MOSCOW (Reuters) - Americans should vote for Donald Trump as president next month or risk being dragged into a nuclear war, according to a Russian ultra-nationalist ally of President Vladimir Putin who likes to compare himself to the U.S. Republican candidate.
Vladimir Zhirinovsky, a flamboyant veteran lawmaker known for his fiery rhetoric, told Reuters in an interview that Trump was the only person able to de-escalate dangerous tensions between Moscow and Washington.
By contrast, Trump’s Democratic rival Hillary Clinton could spark World War Three, said Zhirinovsky, who received a top state award from Putin after his pro-Kremlin Liberal Democratic Party of Russia (LDPR) came third in Russia’s parliamentary election last month.
Many Russians regard Zhirinovsky as a clownish figure who makes outspoken statements to grab attention but he is also widely viewed as a faithful servant of Kremlin policy, sometimes used to float radical opinions to test public reaction.
“Relations between Russia and the United States can’t get any worse. The only way they can get worse is if a war starts,” said Zhirinovsky, speaking in his huge office on the 10th floor of Russia’s State Duma, or lower house of parliament.
“Americans voting for a president on Nov. 8 must realise that they are voting for peace on Planet Earth if they vote for Trump. But if they vote for Hillary it’s war. It will be a short movie. There will be Hiroshimas and Nagasakis everywhere.”
Zhirinovsky’s comments coincide with deep disagreements between Washington and Moscow over Syria and Ukraine and after the White House last week accused Russia of a campaign of cyber attacks against Democratic Party organisations.
Even as WikiLeaks released another trove of internal documents from Clinton’s campaign on Wednesday, Putin insisted his country was not involved in an effort to influence the U.S. presidential election.
Zhirinovsky likes to shock liberal public opinion and he has frequently heaped scorn on the West, which he and other Russian nationalists regard as decadent, hypocritical and corrupted by political correctness.
His combative style, reminiscent of Trump’s, ensures him plenty of television air time and millions of votes in Russian elections, often from the kind of blue-collar workers who are the bedrock of the U.S. Republican candidate’s support.
Zhirinovsky once proposed blocking off mostly Muslim southern Russia with a barbed wire fence, echoing Trump’s call for a wall along the U.S. border with Mexico.
Zhirinovsky, who said he met Trump in New York in 2002, revels in his similarities with the American businessman - they are the same age, favour coarse, sometimes misogynistic language and boast about putting their own country first. Zhirinovsky has even said he wants a DNA test to see if he is related to Trump.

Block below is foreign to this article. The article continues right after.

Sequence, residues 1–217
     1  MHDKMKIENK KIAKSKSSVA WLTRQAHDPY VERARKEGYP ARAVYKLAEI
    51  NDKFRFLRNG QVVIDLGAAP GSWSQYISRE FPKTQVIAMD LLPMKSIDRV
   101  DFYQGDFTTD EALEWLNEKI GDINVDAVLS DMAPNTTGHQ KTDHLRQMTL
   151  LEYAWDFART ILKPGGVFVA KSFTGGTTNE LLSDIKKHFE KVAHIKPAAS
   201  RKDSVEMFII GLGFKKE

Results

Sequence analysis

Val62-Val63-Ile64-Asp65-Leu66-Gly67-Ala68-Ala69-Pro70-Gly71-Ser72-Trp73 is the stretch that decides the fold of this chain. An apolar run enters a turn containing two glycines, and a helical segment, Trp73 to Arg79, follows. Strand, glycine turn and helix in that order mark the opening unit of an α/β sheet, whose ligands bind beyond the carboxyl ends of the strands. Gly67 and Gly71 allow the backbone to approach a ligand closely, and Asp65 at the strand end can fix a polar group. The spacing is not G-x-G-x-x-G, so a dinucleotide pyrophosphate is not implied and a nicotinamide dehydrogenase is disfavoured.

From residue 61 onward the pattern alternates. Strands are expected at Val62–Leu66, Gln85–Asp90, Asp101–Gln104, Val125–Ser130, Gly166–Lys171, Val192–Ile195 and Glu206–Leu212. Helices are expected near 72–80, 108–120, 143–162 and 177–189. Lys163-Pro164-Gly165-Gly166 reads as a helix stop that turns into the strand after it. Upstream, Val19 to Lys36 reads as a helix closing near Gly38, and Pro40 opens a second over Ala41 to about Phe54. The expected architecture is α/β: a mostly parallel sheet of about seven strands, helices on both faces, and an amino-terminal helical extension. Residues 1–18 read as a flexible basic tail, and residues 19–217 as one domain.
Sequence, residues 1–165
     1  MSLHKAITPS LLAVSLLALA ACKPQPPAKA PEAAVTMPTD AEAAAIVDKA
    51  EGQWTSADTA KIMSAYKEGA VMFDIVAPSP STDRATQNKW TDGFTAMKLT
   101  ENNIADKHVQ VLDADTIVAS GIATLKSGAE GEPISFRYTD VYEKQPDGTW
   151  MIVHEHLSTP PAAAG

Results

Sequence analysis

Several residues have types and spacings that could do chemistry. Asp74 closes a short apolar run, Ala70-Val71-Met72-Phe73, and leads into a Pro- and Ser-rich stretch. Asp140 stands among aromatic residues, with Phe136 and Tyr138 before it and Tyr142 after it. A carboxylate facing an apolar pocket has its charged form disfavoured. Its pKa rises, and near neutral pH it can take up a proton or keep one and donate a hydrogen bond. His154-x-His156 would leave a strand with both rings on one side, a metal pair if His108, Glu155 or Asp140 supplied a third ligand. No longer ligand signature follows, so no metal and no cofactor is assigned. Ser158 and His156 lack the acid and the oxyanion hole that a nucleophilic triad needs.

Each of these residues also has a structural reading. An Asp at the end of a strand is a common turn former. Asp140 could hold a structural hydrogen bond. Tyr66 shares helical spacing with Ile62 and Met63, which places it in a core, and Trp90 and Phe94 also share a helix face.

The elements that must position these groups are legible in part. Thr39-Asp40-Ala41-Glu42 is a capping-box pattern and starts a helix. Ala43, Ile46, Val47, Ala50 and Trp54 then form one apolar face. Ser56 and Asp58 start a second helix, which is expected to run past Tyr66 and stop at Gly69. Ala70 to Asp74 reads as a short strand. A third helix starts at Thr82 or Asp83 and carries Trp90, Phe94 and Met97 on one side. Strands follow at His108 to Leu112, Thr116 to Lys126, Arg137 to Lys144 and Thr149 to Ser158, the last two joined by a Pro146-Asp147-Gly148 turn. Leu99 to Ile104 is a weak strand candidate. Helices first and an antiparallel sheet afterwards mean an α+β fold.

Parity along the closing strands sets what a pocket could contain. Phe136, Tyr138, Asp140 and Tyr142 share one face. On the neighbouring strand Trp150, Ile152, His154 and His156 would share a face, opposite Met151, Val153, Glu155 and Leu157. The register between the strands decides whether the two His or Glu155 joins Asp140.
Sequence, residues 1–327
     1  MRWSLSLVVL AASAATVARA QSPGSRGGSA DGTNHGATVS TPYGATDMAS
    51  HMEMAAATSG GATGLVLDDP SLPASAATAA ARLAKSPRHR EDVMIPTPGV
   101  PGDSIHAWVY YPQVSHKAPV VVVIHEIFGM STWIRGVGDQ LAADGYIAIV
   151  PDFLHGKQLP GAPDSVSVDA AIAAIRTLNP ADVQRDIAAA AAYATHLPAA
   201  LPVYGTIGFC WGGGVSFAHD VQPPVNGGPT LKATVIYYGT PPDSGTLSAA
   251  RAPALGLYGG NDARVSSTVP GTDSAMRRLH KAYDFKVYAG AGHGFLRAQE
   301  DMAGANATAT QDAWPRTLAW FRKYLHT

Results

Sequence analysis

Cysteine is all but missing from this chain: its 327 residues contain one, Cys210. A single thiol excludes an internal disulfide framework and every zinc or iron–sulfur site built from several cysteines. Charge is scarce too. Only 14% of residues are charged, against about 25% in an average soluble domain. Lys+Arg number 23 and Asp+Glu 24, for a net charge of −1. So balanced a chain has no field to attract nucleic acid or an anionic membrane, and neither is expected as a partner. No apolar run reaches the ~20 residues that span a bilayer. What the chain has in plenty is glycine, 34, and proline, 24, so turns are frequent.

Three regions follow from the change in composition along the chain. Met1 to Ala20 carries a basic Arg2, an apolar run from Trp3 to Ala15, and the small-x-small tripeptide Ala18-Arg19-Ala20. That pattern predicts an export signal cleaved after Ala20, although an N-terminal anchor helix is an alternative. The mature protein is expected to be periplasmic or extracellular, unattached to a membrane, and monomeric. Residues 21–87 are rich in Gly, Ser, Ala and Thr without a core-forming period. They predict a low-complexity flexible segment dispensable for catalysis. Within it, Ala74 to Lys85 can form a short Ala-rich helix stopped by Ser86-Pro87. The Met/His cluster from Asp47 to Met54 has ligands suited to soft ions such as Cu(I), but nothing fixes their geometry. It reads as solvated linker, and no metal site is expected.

But unlike Trump, a billionaire real estate developer who casts himself as the anti-establishment candidate in the U.S. presidential race with no past political experience, Zhirinovsky is a consummate political insider who has sat in the Duma for more than two decades.
Putin has also praised Trump as “very talented”, while the Republican candidate has said the Kremlin boss is a better leader than U.S. President Barack Obama. Clinton has accused Trump of being too cosy with Putin and questioned his business interests in Russia.
In other comments that have delighted Moscow, Trump has questioned the value of NATO for Washington, has spoken ambiguously about Russia’s 2014 annexation of Ukraine’s Crimea and suggested that the United States under his leadership would adopt a more isolationist foreign policy.
“He (Trump) won’t care about Syria, Libya and Iraq and why an earth should America interfere in these countries? And Ukraine. Who needs Ukraine?,” said Zhirinovsky, who once counted himself a friend of Iraq’s Saddam Hussein and Libyan dictator Muammar Gaddafi and whose deaths he still laments.
“Trump will have a brilliant chance to make relations more peaceful ... He’s the only one who can do this,” he said, adding that Trump could even win a Nobel peace prize.
In contrast, Zhirinovsky described Clinton as “an evil mother-in law” and said her record as secretary of state under Obama in 2009-2013 showed she was unfit to lead her country.
“She craves power. Her view is that Hillary is the most important person on the planet, that America is an exceptional country, as Barack Obama said,” said Zhirinovsky. “That’s dangerous. She could start a nuclear war.”
In typically chauvinistic remarks, Zhirinovsky said Clinton’s gender should also bar her from the presidency.
“Most Americans should choose Trump because men have been leading for millions of year. You can’t take the risk of having one of the richest, most powerful countries led by a woman president,” he said.
Asked about lewd comments Trump made about women in 2005 that have harmed his campaign, Zhirinovsky defended the Republican: “Men all round the world sometimes say such things that are just for their comrades. We must only consider his business (and political) qualities.”
Though Putin and Trump have never met, Zhirinovsky said he believed they could establish a close working relationship, adding: “Victory for Trump would be a gift to humanity. But if Hillary Clinton wins it will be the last U.S. president ever.”
Editing by Christian Lowe and Gareth Jones